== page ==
Before Kim Chan ’98 arrived to study at Scripps College, she was living in a two-bedroom house with her parents and three siblings near California State University, Los Angeles. A refugee from Vietnam, Chan was 18, the eldest child, and the first in her family to attend college.
“I was spoiled!” Chan says with a smile. “The campus was beautiful. There was a lot that attracted me to it.”
Chan enrolled into the 3-2 Engineering Program at Scripps, in which she spent three years at Scripps and two years at Cornell University in New York, completing one bachelor’s degree at Scripps and a second bachelor’s degree at Cornell’s engineering school. She credits her choice of major partly to the inspiration of her uncle, who worked as a civil engineer in Hong Kong on the city’s airport runway and subway. The program also gave her the time to study abroad in Taiwan and learn more about her Chinese background, which, she notes, “is something most engineering programs will not allow time for.”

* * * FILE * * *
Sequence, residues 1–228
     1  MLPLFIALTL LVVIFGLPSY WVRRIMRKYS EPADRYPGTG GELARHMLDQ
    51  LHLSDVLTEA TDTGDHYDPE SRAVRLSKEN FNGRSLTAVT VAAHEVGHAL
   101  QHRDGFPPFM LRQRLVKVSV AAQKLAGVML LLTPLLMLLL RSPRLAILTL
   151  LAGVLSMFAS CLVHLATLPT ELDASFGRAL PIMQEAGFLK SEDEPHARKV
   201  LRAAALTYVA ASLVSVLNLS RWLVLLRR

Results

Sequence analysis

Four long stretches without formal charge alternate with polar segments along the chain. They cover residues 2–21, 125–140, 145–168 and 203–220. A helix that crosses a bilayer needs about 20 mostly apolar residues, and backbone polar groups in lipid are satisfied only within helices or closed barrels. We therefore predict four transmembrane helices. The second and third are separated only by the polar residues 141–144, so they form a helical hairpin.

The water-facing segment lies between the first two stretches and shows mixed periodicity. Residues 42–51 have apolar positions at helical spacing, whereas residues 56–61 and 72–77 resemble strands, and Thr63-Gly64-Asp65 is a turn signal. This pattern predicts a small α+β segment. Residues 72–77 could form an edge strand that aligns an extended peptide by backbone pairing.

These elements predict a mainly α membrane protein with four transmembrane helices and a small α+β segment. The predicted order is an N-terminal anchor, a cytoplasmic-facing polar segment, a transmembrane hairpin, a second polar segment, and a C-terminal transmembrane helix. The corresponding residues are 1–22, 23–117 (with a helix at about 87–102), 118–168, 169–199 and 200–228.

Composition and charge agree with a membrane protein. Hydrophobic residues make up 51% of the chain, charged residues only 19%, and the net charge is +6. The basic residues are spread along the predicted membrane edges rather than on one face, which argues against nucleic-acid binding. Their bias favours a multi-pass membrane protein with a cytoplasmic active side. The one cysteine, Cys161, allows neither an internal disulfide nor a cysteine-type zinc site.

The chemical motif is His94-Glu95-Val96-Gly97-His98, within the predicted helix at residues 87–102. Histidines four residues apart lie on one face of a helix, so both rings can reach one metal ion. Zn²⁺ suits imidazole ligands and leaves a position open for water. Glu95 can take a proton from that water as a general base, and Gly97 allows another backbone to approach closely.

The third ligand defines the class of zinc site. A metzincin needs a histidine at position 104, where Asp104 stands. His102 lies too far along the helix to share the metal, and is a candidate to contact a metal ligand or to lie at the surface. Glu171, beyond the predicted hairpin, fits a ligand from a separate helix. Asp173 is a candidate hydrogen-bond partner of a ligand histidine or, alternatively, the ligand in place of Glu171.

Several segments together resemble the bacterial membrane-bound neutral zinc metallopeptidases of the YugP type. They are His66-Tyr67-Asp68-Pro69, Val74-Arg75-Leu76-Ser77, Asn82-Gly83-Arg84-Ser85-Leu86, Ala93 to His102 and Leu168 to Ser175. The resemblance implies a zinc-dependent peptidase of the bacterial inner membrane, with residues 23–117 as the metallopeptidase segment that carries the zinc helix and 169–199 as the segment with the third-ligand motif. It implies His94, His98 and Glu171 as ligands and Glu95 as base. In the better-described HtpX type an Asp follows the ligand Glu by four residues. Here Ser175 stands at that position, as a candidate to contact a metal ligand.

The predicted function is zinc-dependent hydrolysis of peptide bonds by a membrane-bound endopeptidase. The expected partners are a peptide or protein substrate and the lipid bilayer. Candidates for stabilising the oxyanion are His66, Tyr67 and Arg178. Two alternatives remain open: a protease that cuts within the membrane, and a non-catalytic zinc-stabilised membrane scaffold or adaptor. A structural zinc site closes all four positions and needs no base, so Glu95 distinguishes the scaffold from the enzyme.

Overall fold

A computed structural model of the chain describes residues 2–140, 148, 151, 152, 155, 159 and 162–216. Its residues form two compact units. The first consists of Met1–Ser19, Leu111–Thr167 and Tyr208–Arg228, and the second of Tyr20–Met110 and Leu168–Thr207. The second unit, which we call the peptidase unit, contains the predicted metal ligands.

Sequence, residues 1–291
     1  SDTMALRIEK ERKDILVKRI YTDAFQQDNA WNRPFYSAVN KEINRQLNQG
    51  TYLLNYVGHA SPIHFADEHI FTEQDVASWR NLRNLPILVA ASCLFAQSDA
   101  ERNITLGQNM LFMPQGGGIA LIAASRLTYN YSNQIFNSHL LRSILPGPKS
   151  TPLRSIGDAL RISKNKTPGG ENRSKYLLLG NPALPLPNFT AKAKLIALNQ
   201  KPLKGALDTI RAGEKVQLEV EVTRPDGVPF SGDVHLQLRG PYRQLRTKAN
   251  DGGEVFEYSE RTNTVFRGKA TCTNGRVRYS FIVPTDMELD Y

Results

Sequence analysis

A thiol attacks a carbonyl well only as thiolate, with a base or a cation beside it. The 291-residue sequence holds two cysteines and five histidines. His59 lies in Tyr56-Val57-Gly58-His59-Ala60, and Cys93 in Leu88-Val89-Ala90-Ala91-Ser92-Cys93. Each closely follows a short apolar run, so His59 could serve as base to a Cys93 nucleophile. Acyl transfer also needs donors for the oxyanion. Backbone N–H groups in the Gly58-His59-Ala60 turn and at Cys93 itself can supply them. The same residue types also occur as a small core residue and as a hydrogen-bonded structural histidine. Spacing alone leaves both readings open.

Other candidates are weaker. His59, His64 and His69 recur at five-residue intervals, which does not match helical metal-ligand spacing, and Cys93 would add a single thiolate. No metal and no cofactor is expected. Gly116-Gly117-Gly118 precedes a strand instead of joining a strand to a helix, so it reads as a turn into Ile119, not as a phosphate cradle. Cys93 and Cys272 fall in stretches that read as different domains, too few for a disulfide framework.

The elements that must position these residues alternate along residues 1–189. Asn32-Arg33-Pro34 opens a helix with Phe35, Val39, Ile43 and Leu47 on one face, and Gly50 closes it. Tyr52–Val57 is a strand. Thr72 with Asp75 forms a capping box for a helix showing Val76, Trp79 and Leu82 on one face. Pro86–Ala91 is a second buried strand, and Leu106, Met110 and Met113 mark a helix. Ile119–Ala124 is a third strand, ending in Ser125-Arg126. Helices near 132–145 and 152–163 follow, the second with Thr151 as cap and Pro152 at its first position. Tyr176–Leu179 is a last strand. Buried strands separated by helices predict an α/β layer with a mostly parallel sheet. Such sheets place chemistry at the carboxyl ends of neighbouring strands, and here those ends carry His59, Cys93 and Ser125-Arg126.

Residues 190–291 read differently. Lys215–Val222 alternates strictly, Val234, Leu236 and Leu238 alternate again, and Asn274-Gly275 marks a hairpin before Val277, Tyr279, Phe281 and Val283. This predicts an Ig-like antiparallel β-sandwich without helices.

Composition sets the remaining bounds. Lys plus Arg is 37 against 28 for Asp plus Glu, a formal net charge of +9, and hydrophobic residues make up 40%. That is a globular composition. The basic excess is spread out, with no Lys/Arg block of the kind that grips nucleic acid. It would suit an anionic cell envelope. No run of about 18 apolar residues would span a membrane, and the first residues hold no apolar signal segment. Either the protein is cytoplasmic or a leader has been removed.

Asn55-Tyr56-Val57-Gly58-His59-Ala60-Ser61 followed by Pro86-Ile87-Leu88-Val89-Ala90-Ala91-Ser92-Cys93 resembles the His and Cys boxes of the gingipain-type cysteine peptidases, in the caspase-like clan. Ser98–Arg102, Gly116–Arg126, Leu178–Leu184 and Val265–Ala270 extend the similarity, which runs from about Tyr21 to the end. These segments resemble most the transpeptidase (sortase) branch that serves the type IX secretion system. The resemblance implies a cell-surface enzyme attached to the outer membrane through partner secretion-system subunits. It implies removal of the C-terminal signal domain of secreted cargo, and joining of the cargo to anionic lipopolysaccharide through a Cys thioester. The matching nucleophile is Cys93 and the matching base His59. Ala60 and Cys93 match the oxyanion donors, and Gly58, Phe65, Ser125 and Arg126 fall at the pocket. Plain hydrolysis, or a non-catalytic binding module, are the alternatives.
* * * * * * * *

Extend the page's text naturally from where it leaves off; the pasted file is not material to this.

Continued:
While at Scripps, Chan occasionally took the Metrolink to get from Claremont back home to LA to visit her family. And to this day, transportation has maintained a front seat in her life.
“My parents didn’t drive very far; they had a car, but transportation was an issue for them. They didn’t speak English and they were scared to go far,” Chan says. “There was no GPS back then and they could get lost.” So, when she decided to embark on a career in civil engineering, she knew transportation was where she wanted to be: “For me, civil engineering was the way to go because it really related to people. I wanted to help society by building infrastructure.”
When Chan moved back to the Los Angeles area from the East Coast, she worked at Metrolink for nearly 10 years and is now a senior director of construction management at the Los Angeles Metropolitan Transportation Authority. Since 2017, she has been working to build Section 2 of the Purple (D) Line subway extension from Koreatown to the University of California, Los Angeles.
Looking back on her time at Scripps, Chan says it’s important to mention the impact a liberal arts education has had in her life. “I struggled with English and its context because it wasn’t my first language and not my home culture. I had good grades in high school, but I still felt deficient in the arts,” Chan says. “I liked that I could get that education and learn about philosophy, human issues, and other courses that helped me evolve on a personal level and study engineering as well.”